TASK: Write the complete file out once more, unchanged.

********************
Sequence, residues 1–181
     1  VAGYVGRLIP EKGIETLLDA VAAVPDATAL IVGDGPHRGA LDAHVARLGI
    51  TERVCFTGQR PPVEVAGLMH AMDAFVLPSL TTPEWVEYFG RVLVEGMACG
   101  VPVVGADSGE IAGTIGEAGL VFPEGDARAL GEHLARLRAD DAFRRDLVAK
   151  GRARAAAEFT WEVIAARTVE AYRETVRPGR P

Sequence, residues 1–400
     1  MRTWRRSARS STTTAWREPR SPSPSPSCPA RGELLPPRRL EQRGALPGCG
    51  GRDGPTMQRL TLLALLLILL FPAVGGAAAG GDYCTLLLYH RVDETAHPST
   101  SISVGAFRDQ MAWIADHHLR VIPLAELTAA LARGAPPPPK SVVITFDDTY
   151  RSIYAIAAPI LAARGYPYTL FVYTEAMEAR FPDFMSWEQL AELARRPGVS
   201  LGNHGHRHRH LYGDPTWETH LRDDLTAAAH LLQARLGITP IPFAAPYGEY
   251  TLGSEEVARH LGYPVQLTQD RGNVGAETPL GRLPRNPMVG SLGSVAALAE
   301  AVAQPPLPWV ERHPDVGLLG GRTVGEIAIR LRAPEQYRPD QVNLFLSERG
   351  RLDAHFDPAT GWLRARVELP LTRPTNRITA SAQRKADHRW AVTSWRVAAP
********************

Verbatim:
Sequence, residues 1–181
     1  VAGYVGRLIP EKGIETLLDA VAAVPDATAL IVGDGPHRGA LDAHVARLGI
    51  TERVCFTGQR PPVEVAGLMH AMDAFVLPSL TTPEWVEYFG RVLVEGMACG
   101  VPVVGADSGE IAGTIGEAGL VFPEGDARAL GEHLARLRAD DAFRRDLVAK
   151  GRARAAAEFT WEVIAARTVE AYRETVRPGR P

Sequence, residues 1–400
     1  MRTWRRSARS STTTAWREPR SPSPSPSCPA RGELLPPRRL EQRGALPGCG
    51  GRDGPTMQRL TLLALLLILL FPAVGGAAAG GDYCTLLLYH RVDETAHPST
   101  SISVGAFRDQ MAWIADHHLR VIPLAELTAA LARGAPPPPK SVVITFDDTY
   151  RSIYAIAAPI LAARGYPYTL FVYTEAMEAR FPDFMSWEQL AELARRPGVS
   201  LGNHGHRHRH LYGDPTWETH LRDDLTAAAH LLQARLGITP IPFAAPYGEY
   251  TLGSEEVARH LGYPVQLTQD RGNVGAETPL GRLPRNPMVG SLGSVAALAE
   301  AVAQPPLPWV ERHPDVGLLG GRTVGEIAIR LRAPEQYRPD QVNLFLSERG
   351  RLDAHFDPAT GWLRARVELP LTRPTNRITA SAQRKADHRW AVTSWRVAAP